Expressionism was a modernist movement, initially in poetry and painting, originating in Germany at the beginning of the 20th century. Its typical trait is to present the world solely from a subjective perspective, distorting it radically for emotional effect in order to evoke moods or ideas. Expressionist artists sought to express meaning or emotional experience rather than physical reality.
At the end of the 19th century, this Expressionist spirit resurfaced in the paintings of two awkward and isolated personalities ñ one was the Dutchman, Van Gogh and the other a
Norwegian, Edvard Munch. While the Impressionists were admiring the colour and beauty of the natural landscape, Van Gogh and Munch took a radically different perspective. They
chose to look inwards to discover a form of ëself-expressioní that offered them an individual voice in a world that they perceived as both insecure and hostile. It was this more subjective search for a personal
emotional truth that drove them on and ultimately paved the way for the Expressionist art forms of the 20th century that explored the inner landscape of the soul.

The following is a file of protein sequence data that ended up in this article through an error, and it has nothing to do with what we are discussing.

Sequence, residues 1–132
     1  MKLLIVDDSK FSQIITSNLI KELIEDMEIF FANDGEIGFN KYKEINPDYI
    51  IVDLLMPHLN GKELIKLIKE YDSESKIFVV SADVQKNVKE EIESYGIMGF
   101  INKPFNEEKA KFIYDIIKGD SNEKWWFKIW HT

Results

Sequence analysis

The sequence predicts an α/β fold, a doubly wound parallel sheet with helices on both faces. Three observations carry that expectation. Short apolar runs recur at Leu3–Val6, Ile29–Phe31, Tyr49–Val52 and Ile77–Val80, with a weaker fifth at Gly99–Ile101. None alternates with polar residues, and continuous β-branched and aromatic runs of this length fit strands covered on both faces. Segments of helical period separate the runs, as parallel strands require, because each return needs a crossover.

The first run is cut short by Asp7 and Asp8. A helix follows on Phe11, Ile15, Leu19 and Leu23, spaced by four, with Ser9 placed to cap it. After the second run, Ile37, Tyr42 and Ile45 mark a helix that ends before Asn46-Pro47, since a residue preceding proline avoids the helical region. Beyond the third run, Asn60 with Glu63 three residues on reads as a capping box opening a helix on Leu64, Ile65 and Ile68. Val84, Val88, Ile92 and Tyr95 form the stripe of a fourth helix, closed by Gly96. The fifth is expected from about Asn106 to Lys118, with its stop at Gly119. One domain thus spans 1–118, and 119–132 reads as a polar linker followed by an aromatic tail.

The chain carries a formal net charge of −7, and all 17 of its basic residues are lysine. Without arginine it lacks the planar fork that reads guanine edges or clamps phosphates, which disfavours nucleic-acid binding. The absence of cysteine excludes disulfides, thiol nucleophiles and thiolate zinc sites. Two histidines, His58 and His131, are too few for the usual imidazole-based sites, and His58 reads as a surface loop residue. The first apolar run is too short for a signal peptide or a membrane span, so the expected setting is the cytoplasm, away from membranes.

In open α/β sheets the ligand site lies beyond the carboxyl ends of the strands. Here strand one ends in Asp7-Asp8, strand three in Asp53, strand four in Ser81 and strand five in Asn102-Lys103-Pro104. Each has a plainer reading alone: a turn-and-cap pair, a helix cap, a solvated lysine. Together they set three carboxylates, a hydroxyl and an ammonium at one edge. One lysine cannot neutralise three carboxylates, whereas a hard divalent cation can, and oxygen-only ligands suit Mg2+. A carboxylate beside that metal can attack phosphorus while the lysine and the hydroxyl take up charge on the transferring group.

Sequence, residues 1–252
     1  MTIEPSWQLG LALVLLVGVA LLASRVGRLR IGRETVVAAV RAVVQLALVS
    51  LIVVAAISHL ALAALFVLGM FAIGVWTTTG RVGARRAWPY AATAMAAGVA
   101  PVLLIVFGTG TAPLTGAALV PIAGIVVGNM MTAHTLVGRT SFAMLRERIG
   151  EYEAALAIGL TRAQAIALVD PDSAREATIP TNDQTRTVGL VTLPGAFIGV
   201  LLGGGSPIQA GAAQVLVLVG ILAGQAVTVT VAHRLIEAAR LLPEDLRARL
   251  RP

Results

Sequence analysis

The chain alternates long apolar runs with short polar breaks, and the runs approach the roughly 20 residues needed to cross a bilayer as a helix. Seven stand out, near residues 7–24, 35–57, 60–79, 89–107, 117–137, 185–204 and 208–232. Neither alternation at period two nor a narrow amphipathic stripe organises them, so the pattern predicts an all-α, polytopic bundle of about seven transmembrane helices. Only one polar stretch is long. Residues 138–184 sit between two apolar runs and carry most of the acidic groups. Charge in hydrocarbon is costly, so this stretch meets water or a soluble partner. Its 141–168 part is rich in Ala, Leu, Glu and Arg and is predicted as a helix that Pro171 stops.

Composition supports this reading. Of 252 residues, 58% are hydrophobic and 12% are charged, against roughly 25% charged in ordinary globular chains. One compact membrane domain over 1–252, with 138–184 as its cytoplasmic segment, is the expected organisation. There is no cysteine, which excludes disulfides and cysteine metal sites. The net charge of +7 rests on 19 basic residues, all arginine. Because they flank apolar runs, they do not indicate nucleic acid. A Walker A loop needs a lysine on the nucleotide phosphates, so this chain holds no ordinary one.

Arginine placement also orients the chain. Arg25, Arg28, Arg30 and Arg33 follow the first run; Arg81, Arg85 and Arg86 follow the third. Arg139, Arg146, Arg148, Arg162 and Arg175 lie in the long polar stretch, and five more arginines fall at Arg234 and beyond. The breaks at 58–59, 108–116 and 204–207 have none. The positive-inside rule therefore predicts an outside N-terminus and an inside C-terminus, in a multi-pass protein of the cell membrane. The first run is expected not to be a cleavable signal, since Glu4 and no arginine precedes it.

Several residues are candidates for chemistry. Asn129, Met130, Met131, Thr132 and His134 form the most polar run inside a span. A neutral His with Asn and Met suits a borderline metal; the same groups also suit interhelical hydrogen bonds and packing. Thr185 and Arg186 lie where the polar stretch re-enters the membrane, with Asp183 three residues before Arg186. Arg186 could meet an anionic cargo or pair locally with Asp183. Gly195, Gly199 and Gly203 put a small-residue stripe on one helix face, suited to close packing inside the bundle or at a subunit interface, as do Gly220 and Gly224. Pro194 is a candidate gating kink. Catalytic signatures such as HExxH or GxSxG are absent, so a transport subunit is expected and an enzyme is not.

Paintings like Van Goghís Sunflowers opened our eyes to the intensity of expressive color. He used color to express his feelings about a subject, rather than to simply describe it. His heightened vision helped to liberated color as an emotional instrument in the repertoire of 20th century art and the vitality of his brushwork became a key influence in the development of both the Fauves' and the Expressionistsí painting technique. Munchís painting of The Scream was equally influential. It provides us with a psychological blueprint for Expressionist art: distorted shapes and exaggerated colors that amplify a sense of anxiety and alienation.
Gustav Klimt in Austria